On March 17 and 23, Lam Research (LRCX) and Applied Materials (AMAT), respectively, pulled their outlook for their next quarter. Frankly I was flabbergasted that during their earnings calls executives from these companies downplayed the effect of COVID-19, particularly AMAT, whose earnings call was a month after LRCX and COVID-19 was becoming more rampant.
For example, I wrote in a Feb. 13, 2020, Seeking Alpha article entitled “Applied Materials Downplays Coronavirus In Guidance,” I noted in my summary bullets:
- Applied Materials recently announced fiscal Q1 earnings, presenting an upbeat guidance based on interpreting the coronavirus epidemic as temporary and lasting one quarter.
- Uncertainty with the epidemic and a spike in cases in China based on new testing methods suggest the company’s guidance needs close monitoring.
- A further headwind facing Applied Materials is flattish logic/foundry capex spend and a double digit drop in memory spend in 2020.
Not leaving LRCX off the hook, I wrote in a March 5, 2020, Seeking Alpha article entitled “Lam Research Investor Day: Execution Easier Said Than Done:”
“Lam expectations are based on WFE spending associated with increased revenues, and on technology evolution. Lam expects the WFE market to grow 20%-plus in 2020. I disagree, and readers can look over my analysis on Jan. 29, 2020, Seeking Alpha article entitled “Lam Research: Revenues Could Beat Because Of Revenue Pull-Ins.” This analysis is proving more probable with the CORVID-19 virus.”
My 2020 Outlook for Semiconductors and Equipment
I presented my forecast for the semiconductor equipment market in a Jan. 29, 2020, Seeking Alpha article entitled “Lam Research: Revenues Could Beat Because Of Revenue Pull-Ins.” I forecast that because of significant $4 billion in equipment pull-ins in Q4 from sales in Asia, I was reducing my semiconductor wafer front-end (WFE) equipment revenue growth from an earlier +5% to 0% in 2020. Now, based on COVID-19, I’m further reducing revenue growth to -6.9%.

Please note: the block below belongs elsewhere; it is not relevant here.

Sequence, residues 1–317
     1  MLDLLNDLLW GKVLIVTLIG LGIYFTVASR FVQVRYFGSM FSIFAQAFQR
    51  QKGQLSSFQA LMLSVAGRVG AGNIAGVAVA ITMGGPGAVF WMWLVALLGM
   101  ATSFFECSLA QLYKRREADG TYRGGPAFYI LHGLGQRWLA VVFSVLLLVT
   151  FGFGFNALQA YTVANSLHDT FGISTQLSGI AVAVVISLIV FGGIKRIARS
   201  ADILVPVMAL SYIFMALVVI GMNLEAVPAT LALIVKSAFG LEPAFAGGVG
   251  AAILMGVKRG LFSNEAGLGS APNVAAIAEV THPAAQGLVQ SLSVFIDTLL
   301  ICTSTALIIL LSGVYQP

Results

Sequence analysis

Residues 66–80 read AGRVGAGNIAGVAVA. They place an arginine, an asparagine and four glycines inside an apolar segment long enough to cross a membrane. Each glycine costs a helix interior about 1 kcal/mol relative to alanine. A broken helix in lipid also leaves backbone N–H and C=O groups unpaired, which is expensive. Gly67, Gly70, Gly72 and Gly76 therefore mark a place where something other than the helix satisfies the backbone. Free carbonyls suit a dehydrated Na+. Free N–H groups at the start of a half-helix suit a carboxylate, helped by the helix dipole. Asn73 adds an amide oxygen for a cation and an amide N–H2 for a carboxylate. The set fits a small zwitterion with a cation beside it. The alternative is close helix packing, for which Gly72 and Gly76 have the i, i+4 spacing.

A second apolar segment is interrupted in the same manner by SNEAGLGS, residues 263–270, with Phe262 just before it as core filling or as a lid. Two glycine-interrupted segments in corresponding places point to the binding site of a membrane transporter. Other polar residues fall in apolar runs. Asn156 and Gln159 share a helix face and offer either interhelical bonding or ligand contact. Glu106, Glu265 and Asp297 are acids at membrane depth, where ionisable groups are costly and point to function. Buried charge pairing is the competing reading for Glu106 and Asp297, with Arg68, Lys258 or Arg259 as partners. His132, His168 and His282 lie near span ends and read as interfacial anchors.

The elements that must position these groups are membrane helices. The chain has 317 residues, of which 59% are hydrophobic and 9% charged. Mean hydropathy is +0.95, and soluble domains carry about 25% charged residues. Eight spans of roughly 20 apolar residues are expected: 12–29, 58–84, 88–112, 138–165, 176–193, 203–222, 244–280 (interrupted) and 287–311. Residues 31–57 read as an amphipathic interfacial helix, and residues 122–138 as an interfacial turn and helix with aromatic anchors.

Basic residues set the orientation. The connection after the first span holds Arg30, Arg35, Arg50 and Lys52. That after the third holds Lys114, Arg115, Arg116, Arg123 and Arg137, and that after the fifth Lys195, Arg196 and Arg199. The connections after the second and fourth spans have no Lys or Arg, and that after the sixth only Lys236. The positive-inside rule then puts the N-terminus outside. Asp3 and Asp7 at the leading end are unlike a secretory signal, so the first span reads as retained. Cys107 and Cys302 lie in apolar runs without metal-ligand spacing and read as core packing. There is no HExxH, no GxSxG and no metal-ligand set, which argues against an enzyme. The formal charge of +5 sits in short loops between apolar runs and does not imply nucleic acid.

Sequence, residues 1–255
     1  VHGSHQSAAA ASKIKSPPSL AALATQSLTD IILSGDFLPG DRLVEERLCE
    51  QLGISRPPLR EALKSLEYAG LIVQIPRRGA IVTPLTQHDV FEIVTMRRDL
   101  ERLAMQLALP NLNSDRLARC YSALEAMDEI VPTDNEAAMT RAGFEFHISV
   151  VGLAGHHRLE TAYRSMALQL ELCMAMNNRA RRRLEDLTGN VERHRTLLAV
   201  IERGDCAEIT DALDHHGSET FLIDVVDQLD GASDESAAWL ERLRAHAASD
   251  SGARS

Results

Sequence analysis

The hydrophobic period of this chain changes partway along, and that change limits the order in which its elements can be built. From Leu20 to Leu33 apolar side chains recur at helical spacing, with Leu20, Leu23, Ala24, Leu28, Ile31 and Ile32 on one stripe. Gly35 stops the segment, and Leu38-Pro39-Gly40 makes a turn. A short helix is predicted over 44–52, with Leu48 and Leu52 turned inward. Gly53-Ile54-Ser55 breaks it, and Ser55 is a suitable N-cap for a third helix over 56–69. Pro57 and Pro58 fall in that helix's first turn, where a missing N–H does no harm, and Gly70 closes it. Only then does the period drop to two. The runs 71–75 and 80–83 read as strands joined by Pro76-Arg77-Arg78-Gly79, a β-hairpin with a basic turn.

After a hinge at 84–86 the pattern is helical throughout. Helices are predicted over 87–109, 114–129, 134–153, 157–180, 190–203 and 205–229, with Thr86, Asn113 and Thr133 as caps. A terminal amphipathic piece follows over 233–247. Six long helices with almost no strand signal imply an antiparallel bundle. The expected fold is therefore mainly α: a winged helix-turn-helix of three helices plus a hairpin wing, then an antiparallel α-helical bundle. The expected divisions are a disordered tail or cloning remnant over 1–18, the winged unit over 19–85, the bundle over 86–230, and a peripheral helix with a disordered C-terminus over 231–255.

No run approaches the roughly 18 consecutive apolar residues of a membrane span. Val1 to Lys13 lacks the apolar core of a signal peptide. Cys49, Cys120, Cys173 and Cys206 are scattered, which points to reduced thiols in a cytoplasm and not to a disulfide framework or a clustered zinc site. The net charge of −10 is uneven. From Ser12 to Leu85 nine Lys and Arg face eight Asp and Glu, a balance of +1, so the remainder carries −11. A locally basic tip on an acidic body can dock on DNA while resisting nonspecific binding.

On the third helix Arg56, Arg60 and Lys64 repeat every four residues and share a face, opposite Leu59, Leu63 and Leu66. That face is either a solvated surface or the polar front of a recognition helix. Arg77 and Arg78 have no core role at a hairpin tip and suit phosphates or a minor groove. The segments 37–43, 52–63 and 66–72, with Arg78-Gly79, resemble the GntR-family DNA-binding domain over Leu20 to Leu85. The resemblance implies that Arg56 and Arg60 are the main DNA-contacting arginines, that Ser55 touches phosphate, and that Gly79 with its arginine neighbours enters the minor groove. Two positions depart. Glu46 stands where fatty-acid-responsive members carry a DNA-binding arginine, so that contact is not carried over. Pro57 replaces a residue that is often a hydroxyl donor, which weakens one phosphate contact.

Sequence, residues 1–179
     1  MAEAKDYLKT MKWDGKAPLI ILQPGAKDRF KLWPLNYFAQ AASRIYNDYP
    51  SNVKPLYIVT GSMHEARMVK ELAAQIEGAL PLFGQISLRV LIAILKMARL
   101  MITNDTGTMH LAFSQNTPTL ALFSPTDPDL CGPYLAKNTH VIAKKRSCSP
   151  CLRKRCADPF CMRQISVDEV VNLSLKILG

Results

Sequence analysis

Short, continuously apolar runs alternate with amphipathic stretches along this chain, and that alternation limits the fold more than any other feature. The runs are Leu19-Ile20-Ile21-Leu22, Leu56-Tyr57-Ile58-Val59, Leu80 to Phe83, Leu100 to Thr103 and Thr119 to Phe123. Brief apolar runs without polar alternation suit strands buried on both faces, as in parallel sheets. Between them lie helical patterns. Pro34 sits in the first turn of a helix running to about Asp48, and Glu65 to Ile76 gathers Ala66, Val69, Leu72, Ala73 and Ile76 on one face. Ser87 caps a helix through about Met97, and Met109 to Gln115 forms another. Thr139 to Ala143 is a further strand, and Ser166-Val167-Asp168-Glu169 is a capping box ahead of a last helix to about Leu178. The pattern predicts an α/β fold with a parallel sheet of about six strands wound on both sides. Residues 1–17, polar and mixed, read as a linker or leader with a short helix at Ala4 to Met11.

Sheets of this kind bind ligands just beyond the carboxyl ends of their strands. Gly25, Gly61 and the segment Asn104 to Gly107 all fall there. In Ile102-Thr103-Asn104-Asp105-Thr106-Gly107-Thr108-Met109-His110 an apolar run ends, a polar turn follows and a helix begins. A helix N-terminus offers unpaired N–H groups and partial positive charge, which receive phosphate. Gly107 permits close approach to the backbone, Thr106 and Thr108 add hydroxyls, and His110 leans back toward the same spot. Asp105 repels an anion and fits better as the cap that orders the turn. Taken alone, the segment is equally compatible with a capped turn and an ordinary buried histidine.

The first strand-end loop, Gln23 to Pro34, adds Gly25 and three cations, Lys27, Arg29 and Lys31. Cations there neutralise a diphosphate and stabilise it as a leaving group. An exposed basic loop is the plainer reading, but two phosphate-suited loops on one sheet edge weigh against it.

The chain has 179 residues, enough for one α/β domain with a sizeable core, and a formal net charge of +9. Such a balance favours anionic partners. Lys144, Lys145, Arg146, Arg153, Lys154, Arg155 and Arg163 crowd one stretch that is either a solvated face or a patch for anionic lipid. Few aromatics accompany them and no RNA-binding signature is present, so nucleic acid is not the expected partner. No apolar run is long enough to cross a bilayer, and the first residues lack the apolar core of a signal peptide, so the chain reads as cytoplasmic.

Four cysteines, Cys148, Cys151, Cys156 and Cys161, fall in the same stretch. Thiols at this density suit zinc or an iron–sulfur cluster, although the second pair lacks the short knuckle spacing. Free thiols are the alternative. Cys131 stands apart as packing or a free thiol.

These sell-side analysts seem to forget, or perhaps they never know, that there’s an intimate correlation between semiconductor sales, equipment sales, and GDP. Chart 1 illustrates that relationship. Except for the differences in amplitudes peaks and valleys, these inflection points occur nearly simultaneously at any given time.
Factors Influencing My Analysis
Drop in GDP
Chart 2 also shows the cyclical nature of semiconductors and semiconductor equipment. In principle, semiconductor manufacturers increase production to meet customer demand. If demand increases, manufacturers will make capacity purchases of processing equipment to make more chips. This is why there is strong correlation between semiconductor revenue changes (blue line) and semiconductor equipment (red line).
GDP (black line), which measures the value of economic activity within a country, is often a factor in halting the increases in semi and semicap revenues. GDP is important because it gives information about how an economy is performing. The growth rate of GDP is often used as an indicator of the general health of the economy.
Thus, if a country has healthy economy (upward slope of black line), we often see an upward slope in semi and semicap revenues. The converse also is true. If the economy is doing well, individuals have money to make purchases of products using chips – smartphones, cars, TVs, etc.
2020 is now bringing COVID-19 and along with it a forecast of GDP growth of -1.2%. The forecast of -1.2% is based on a survey in early April of over 50 economists in North America, Europe and Asia, which showed the global economy would contract 1.2% this year with forecasts in a range of -6.0% to +0.7%.
Drop in Capex Spending